The phenomenal success of Volkswagen in those years was presumptive evidence that this strategy of ‘acknowledging warts’ is effective. Intuitively it feels as though it makes us more sympathetic and prepared to cut a brand a bit more slack.
Now, new evidence has emerged that this strategy of acknowledging a negative, works more broadly. It appeared in a recent paper “Accentuate the Negative: The Positive Effects of Negative Acknowledgement” in Psychological Science (November 2006).2
When a person acknowledged confusion in a paragraph that she had written, people rated the paragraph as ‘clearer’ than when she just glossed over or ignored the negative. Also, when a student explicitly acknowledged in a college application, his awareness that his grades were ‘less than stellar’, it resulted in more positive perception of those grades; his application was seen in a better light.
Across three very different studies, the research consistently showed that the act of explicitly acknowledging a negative induced ‘audiences’ for these communications to discount the negative. In other words, they evaluated the negative attribute less negatively than they otherwise would. So, this strategy seems to be able to temper or offset otherwise unfavorable evaluations.
I would go further and say that in advertising, it can help build more trust and credibility. Al Ries in his book “The Fall of Advertising and the Rise of PR” observed that public relations works better today than advertising because it engenders both attention and trust.3 Advertising’s crisis of confidence, he says, is not only because it is losing its attention-getting ability but also because it can’t engender trust.
Where are today’s Bernbachs? Why these days, is there so little advertising that acknowledges brand warts? It seems to have vanished. OK, advertising is supposed to be about puffery but in saying all nice things, advertising clearly struggles to win trust and credibility. Maybe it is time to rediscover the art of ‘acknowledging warts’.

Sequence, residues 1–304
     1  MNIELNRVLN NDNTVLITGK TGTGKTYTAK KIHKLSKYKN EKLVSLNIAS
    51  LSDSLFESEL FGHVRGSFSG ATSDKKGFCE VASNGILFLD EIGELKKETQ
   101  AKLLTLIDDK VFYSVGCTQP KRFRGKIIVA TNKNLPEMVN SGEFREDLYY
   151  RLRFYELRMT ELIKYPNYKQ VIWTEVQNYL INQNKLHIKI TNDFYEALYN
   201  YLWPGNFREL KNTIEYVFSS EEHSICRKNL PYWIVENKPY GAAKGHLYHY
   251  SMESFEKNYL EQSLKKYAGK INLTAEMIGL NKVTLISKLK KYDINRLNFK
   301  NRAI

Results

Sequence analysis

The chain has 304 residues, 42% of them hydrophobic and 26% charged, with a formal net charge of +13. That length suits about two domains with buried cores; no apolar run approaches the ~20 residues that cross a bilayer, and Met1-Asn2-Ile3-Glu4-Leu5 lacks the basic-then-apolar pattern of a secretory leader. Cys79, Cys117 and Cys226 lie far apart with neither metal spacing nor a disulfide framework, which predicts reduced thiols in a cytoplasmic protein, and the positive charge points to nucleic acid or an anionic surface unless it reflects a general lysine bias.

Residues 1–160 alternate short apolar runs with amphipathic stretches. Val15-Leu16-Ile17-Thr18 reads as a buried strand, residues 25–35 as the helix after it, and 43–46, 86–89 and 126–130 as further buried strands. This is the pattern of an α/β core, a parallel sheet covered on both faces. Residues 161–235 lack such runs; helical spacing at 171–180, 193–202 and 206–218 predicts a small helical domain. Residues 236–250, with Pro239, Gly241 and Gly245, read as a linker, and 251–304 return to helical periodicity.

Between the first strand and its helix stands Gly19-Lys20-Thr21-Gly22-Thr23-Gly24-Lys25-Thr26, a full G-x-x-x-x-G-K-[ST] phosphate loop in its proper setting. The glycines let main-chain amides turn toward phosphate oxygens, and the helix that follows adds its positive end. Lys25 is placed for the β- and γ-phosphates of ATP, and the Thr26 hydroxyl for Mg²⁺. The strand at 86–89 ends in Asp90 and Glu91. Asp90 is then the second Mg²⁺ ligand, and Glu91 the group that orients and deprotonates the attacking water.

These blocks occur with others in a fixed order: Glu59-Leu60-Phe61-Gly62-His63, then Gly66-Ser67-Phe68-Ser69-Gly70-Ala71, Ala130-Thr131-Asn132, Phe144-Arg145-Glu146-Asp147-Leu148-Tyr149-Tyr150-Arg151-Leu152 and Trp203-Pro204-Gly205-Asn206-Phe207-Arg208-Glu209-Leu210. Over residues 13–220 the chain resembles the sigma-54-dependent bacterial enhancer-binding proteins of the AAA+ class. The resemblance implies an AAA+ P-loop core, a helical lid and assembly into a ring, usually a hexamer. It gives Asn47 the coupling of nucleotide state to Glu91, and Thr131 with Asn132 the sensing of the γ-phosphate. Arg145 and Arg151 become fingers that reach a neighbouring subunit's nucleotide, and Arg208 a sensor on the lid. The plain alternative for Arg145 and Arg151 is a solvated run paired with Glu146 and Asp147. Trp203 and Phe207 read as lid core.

Brand warts are usually not hard to find. Any mild negative associated with a brand is a possible candidate. Take a look at those early Volkswagen ads for inspiration. The warts they communicated went beyond just the product’s ugliness.
For example, check out this next ad. When the company launched a new range of VWs in bright new colors, they displayed these garish Volkswagens under the headline “There is now some truth in the rumor that Volkswagens are the loudest car on the road”. Personally, I don’t remember the VW as being particularly loud but the rear-engine was distinctive and it made a unique noise. Being different it penetrated people’s awareness and for Volkswagen this was a wart to acknowledge, not ignore.
Other early VW ads followed the same style.4
Nobody is perfect. Nor is any brand. Consumers can handle this. Imperfections are part of life and if managed the right way, blemishes can make a brand seem more real and genuine. Acknowledging warts may not be for everyone but when challenging an established market leader, it can be a savvy way to build trust and credibility in a brand; a way to profit from honest advertising.